# Corpulence index

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The Corpulence Index (CI) or Ponderal Index (PI) is a measure of leanness (corpulence) of a person calculated as a relationship between mass and height. It was first proposed in 1921 as the "Corpulence measure" by Swiss physician Fritz Rohrer and hence is also known as Rohrer's Index. It is similar to the body mass index, but the mass is normalized with the third power of body height rather than the second power.

$\mathrm {CI} ={\frac {\mathrm {mass} }{\mathrm {height} ^{3}}}$ with $\mathrm {mass}$ in kilograms and $\mathrm {height}$ in metres, giving a measure with the same dimensions as density. The corpulence index yields valid results even for very short and very tall persons, which is a problem with BMI — for example, an ideal height-adjusted body weight for a person 150 cm tall will render BMI of 20.7 and CI of 13.6, while for a person 200 cm tall the BMI will be 24.84, very close to the "overweight" threshold of 25, while CI will be 12.4.

Because of this property, it is most commonly used in pediatrics. (For a baby, one can take crown-heel length for the height.) The normal values for infants are about twice as high as for adults, which is the result of their relatively short legs.[citation needed] It does not need to be adjusted for age after adolescence. It has also been shown to have a lower false positive rate in athletes.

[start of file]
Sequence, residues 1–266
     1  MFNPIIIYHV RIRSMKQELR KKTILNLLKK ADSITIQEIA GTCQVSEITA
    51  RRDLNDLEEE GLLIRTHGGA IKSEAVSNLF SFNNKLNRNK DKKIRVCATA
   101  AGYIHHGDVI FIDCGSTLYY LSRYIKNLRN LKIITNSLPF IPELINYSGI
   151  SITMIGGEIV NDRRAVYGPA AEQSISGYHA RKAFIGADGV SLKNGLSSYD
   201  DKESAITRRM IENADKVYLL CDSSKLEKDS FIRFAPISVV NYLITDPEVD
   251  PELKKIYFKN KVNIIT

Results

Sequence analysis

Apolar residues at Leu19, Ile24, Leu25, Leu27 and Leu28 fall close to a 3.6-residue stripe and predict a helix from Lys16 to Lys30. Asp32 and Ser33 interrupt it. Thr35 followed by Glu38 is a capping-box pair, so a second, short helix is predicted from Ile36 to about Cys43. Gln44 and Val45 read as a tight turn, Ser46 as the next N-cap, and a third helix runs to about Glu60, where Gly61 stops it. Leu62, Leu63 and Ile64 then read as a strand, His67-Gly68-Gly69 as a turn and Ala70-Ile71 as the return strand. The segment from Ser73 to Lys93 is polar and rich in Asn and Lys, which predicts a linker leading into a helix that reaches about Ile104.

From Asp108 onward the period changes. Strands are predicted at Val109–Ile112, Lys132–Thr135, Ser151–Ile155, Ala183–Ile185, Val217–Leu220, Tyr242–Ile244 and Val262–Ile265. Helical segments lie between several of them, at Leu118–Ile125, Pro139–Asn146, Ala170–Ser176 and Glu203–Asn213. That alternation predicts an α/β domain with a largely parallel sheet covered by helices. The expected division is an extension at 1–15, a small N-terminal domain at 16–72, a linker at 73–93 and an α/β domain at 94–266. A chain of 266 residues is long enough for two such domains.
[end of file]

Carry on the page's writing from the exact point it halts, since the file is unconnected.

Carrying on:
The corpulence index is variously defined (the first definition should be preferred due to the use of SI-units kg and m) as follows:

Formula Units for mass
(body weight)
Units for height
(or length)
Values considered normal or typical
for a 12-month-old infant beyond infancy
${\text{CI}}={\frac {\mathrm {mass} }{\mathrm {height} ^{3}}}$ kilograms metres 24 12
${\text{CI}}=1000{\frac {\mathrm {mass} }{\mathrm {height} ^{3}}}$ grams centimetres (same values as above)
${\text{CI}}={\frac {\mathrm {height} }{\sqrt[{3}]{\mathrm {mass} }}}$ pounds inches 12.49 to 13.92